The written decision will explain the reasons for the drug plan’s decision and tell you what to do next.
What happens if the drug plan continues to say it won’t pay for the drug?
You have 60 days to file a written request for reconsideration with the Independent Review Entity (IRE). The request must be in writing; there is no option to call the IRE to request a Redetermination.
The IRE is an independent company that contracts with Medicare to review prescription drug claims. Maximus is currently the company that has been hired by Medicare to perform this job.
The IRE will review the evidence and may contact you or your doctor. It will then issue a written decision that tells you the reasons for the decision and what you need to do next. The decision should be issued within 7 days or within 72 hours if you are entitled to expedited review.
What happens if the IRE denies my claim?
If the value of your claim is large enough, you may request a hearing before an Administrative Law Judge (ALJ). The hearing process for denied drug claims is the same as the process for appeals from denied hospital, nursing home, doctor, and other Medicare claims.
In 2006, your claim must be at least $110 to get an ALJ hearing. This amount may change each year. In determining this amount, Medicare will consider the cost of your drug over the course of the year. For example, if your drug costs $30, and you have 4 refills left, the value of your claim will be $120.
Can I appeal if the ALJ denies my claims?
Yes. You can ask for review by the Medicare Appeals Council (MAC) and even by federal court if the claim is large enough. Your claim must be worth $1090 to file an appeal in federal court in 2006. The written decision from the ALJ and then from the MAC will tell you how to proceed.
Involving Your Doctor in Your Appeal
Your prescribing doctor plays a critical role if your drug claim is denied. In some cases, you cannot get the drug plan to pay for your drug without your doctor’s help.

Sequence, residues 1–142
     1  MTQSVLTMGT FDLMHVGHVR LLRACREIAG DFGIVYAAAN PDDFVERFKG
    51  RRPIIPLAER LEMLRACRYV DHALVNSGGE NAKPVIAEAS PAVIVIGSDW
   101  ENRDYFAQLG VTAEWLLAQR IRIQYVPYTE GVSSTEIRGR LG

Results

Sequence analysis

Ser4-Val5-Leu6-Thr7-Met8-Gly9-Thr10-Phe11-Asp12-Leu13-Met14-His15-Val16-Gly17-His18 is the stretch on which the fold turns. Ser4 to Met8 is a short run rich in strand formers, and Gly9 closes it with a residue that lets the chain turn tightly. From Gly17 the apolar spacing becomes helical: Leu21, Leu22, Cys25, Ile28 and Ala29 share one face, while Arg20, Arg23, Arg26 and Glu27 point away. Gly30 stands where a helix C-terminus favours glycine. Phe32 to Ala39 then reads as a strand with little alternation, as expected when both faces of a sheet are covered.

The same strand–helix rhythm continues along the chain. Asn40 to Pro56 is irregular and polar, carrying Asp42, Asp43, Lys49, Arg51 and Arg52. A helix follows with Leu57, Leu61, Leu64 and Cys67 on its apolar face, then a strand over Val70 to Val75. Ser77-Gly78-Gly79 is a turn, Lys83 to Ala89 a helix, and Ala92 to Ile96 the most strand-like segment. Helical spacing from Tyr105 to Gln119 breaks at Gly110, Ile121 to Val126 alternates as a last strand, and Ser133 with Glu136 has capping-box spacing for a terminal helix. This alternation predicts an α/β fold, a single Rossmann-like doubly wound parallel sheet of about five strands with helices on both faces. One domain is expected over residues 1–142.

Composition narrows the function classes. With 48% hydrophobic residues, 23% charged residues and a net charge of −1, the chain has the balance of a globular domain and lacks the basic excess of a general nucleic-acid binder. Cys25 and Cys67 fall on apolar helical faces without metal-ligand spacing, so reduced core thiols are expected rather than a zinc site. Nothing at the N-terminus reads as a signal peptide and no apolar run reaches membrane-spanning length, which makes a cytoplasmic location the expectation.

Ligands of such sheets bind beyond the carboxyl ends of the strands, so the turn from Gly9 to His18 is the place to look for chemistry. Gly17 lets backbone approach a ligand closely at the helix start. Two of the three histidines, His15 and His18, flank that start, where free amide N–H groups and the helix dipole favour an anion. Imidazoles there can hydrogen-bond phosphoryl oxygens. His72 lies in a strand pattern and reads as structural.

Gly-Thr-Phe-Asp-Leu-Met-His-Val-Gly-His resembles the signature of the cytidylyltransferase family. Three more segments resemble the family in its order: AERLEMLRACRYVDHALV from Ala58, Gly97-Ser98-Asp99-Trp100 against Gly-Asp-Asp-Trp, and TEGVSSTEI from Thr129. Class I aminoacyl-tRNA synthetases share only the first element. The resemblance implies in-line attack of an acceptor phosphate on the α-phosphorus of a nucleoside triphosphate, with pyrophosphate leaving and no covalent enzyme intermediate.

When is help from my doctor required?
You must have a doctor’s statement when you are requesting a special type of Coverage Determination called an “Exception.” A plan will not grant your Exception request without a statement from your doctor.
When would I ask for an Exception?
You would ask for an Exception:
- When the drug you need is not on your drug plan’s list of covered drugs (formulary),
- When your drug plan requires you to get its approval (prior authorization) before it will pay for your drug,
- When the drug plan wants you to try a less expensive drug before paying for the prescribed drug (step therapy or fail first),
- When the drug plan limits the number of pills you may have (quantity limits), or
- To reduce the co-payment you have to pay to a lower, less expensive tier of co-payments.
How do I ask for an Exception?\
You ask for an Exception the same way you would ask for any Coverage Determination. It is important to note that your doctor can ask for an Exception for you. Some drug plans may require your doctor to use a special form when asking for prior authorization or making a different exceptions request. Each drug plan may have its own form or forms.
Even if the plan allows the doctor to request an Exception by telephone, the doctor should follow the telephone request with a written statement.
What does the doctor’s statement have to say?
Each drug plan sets its own requirements for the doctor’s statement. You or your doctor should check with the Evidence of Coverage from your drug plan, or directly with the plan itself, to find out its requirements. At a minimum, the doctor’s statement would have to show that you need to take the prescribed drug because taking any of the similar drugs on the plan’s formulary would cause adverse health consequences, would not be as effective, or both.
What happens if the exception request is denied?
As described above, you can ask your drug plan for a redetermination, just as you would if you got any other unfavorable coverage determination. The rest of the appeals process is also the same as that described above.
Are there other times when I should seek help from my doctor?
A drug plan and the Independent Review Entity must grant a request to expedite a coverage determination (including an Exception), a Redetermination, or a Reconsideration if a doctor asks for expedited review. They do not have to grant such a request if you make it yourself.
You should ask your doctor to request expedited consideration when making an Exceptions request. The doctor should indicate that waiting for a decision during the standard time period could seriously jeopardize your health or life or your ability to regain maximum function.
CMS has stated publicly that Medicare beneficiaries will have access to a wide array of drugs, though they may have to use the exceptions and appeals processes to get some of them. Only time will tell whether beneficiaries and doctors find these processes easier to use than the transition and other processes CMS said would help all beneficiaries get their medicine when the new Part D drug benefit went into effect.